The gallon of water sold to Jones at a “gougingly” high price saves Jones’s life, but it also results in Smith dying of thirst. If the price of that gallon of water had instead been held down to what politicians consider to be “normal,” it’s possible that Smith — able to afford that lower price and fortunate enough to be near the front of the queue — will get the water and survive. But in this case the unfortunate person to die of thirst will be Jones.

Deaths in these bitter circumstances can be avoided only if additional supplies are brought in. And what most economists understand that most non-economists don’t is that “gougingly” high prices are the market’s means of attracting to devastated regions these vital supplies. If government prevents these prices from rising, the market process is thwarted — which in cases such as this one means that people will perish.

Wily Merchants?

Perhaps some “price gouging” opponents worry that merchants in devastated areas will withhold from the market some stocks of vital food, water, and shelter in order to raise prices arbitrarily high. The imagined horrific result is that individuals who cannot afford to pay the high prices will die despite the existence of untapped stocks of life-saving food, water, and shelter.

But in fact any such withholding is highly unlikely. The reason is that merchants earn nothing on goods left unsold. And the familiar (to students of economics) cases of downward-sloping marginal-revenue curves intersecting marginal-cost curves at quantities that yield “monopoly” prices is here not a revealing model of reality. In these natural-disaster situations, because all supplies are assumed to be already in merchants’ hands when the disasters strike, there are no production costs to consider. The cost to such a merchant of selling a bottle of water to Smith is the price that this merchant expects to fetch for that water from Jones. If neither Jones nor any other buyer is desperate enough to purchase that water at a price as high as Smith is willing to pay, the merchant will sell that water to Smith.

Because there’s little reason to believe that sellers in such situations cannot and will not “price discriminate” — that is, sell units of the same good to different buyers at different prices, depending on each buyer’s willingness to pay — there’s little reason to believe that sellers will long withhold from the market goods for which people are willing to pay some positive price.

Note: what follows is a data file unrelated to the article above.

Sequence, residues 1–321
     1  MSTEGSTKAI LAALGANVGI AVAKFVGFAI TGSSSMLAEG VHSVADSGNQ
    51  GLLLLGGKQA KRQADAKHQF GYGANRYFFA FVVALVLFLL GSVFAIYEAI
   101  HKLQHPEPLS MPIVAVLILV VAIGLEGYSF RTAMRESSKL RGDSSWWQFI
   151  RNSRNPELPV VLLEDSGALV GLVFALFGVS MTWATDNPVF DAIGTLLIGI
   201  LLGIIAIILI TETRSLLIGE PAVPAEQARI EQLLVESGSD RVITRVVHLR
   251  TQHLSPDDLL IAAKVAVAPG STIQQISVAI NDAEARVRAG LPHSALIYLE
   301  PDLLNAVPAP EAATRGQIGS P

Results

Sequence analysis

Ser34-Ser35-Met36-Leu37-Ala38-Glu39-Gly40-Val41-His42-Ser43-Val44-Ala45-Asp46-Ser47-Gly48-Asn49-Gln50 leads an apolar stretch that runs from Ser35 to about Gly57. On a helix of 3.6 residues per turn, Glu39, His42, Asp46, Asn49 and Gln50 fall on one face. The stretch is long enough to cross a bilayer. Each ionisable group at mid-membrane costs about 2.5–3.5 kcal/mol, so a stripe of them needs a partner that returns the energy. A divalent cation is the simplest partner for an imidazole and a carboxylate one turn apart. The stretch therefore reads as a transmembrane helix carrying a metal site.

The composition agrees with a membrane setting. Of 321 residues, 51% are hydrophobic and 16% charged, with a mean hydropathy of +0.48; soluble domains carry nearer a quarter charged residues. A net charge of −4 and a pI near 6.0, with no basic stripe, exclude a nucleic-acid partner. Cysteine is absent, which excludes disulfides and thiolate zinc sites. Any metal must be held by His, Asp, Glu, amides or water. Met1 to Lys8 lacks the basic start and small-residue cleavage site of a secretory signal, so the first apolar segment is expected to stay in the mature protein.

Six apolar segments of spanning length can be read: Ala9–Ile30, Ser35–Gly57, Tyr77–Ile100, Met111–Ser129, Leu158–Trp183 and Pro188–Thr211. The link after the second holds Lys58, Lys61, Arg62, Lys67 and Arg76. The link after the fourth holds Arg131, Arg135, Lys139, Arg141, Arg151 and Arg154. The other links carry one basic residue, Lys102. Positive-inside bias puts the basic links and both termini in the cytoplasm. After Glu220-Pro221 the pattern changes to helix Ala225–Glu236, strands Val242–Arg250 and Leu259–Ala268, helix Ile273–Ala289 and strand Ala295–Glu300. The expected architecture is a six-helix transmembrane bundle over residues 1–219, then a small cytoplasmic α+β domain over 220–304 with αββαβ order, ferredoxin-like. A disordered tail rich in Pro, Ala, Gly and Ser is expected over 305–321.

It’s possible to construct an economically coherent story in which merchants in such desperate conditions indefinitely withhold vital supplies in order to jack up prices, with the ultimate result being that some people die. What must be assessed, however, is the realism of such a story compared with that of the likely consequences of prohibiting “price gouging.” And when such a comparison is done, the damage from prohibitions of “price gouging” is exposed as the more realistic and dominant concern.

The reality is that people in such a situation are so desperate that they’re willing to bid prices sky high. And allowing prices to rise to heights that accurately reveal the intense desperation of the situation is the surest means of encouraging additional supplies of vital goods to be rushed ASAP to the area. Therefore, it is precisely when people are at genuine risk of actually dying for want of the likes of food, water, and shelter that the case against prohibitions on “price gouging” is strongest.

Donald J. Boudreaux

Donald J. Boudreaux

Donald J. Boudreaux is a Associate Senior Research Fellow with the American Institute for Economic Research and affiliated with the F.A. Hayek Program for Advanced Study in Philosophy, Politics, and Economics at the Mercatus Center at George Mason University; a Mercatus Center Board Member; and a professor of economics and former economics-department chair at George Mason University. He is the author of the books The Essential Hayek, Globalization, Hypocrites and Half-Wits, and his articles appear in such publications as the Wall Street Journal, New York Times, US News & World Report as well as numerous scholarly journals. He writes a blog called Cafe Hayek and a regular column on economics for the Pittsburgh Tribune-Review. Boudreaux earned a PhD in economics from Auburn University and a law degree from the University of Virginia.